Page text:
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Sunday, October 25, 2015

It All Takes Time

      “I didn’t have time.”
     Not true. I did have time. I just spent it on something else.
     During every 24-hour cycle, I have 1,440 minutes at my disposal. That is 86,400 seconds, and I am doing something during every second of every minute of every hour. There’s plenty of time. What am I doing with it?
     Each action I take during the 24 hours has a relationship to what I would like in my life. That suggests a scale of importance for my activities.
     When I spend some thought on understanding and specifying those activities, I can establish priorities for them – high priorities for the important ones, lower priorities down the scale for the others.
     The secret to personal productivity is in how I establish and manage the priorities. When I do it right, I plan my days to give the high priorities more time and attention; lower priorities should take a back seat. And then, ideally, I stick to the plan.

Friday, October 16, 2015

Writing Is a Powerful Tool. Treat It as One.

            There were these six guys, submarine diesel mechanics in the U.S. Navy. Their early careers had not involved writing, and that was fine with them, because they weren’t very good at it. One of them misspelled the same word six different ways in the same document.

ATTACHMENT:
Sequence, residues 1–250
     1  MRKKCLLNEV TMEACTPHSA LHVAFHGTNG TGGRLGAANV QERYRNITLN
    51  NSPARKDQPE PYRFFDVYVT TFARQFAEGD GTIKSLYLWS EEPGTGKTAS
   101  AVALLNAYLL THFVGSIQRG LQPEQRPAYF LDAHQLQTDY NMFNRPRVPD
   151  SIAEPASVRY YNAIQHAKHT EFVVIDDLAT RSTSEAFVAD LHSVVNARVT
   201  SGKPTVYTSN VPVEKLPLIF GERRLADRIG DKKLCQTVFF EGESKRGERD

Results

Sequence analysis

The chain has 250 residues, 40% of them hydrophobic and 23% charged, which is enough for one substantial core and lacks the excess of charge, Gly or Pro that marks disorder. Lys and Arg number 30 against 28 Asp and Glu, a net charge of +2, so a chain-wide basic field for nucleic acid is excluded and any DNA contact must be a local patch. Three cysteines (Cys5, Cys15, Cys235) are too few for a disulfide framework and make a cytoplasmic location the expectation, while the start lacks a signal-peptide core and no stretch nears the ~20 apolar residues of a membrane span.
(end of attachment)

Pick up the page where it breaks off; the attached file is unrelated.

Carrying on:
Now they needed to write. Fighting vessels were periodically refitted at their naval shipyard, and the mechanics had to write reports on their examination of the engines. I was a writing coach working with them.
       The reports had to be clear, accurate and complete. People’s lives depended on those engines.
       The Navy mechanics’ problem differed only in degree from that of many fully functioning, intelligent, articulate adults, including project managers and team members. Many people don’t like to write. Many simply avoid writing. Why?
       There are various reasons. Sometimes it is the narrow inflexibility of writing as compared to personal conversation. Sometimes it is the one-way nature of the form, making true exchange clumsy and inadequate.

Friday, October 2, 2015

Mean It? Then Write It.

     I once had a boss – a general manager – who said, “I never put anything in writing.”
     It was a point of pride for him; he spoke in a tone that suggested we owed high respect to his executive wisdom.
     It also was an index comment to his management philosophy. He was implying that real leaders get things done only through in-person communication. If you were to succeed in that workplace, the way to go would be your direct, personal contact with the boss. 
     As a subordinate of his, I found it disturbing.
     In the abstract, there is something to be said for his point of view. The written word can be rigidly limiting, particularly when it is used to communicate directives and executive opinion. Writing is a one-way medium, both in assertion and in response.  It can easily be misunderstood.
     In the world of nuts-and-bolts management, there are other reasons why my old boss would avoid putting anything in writing.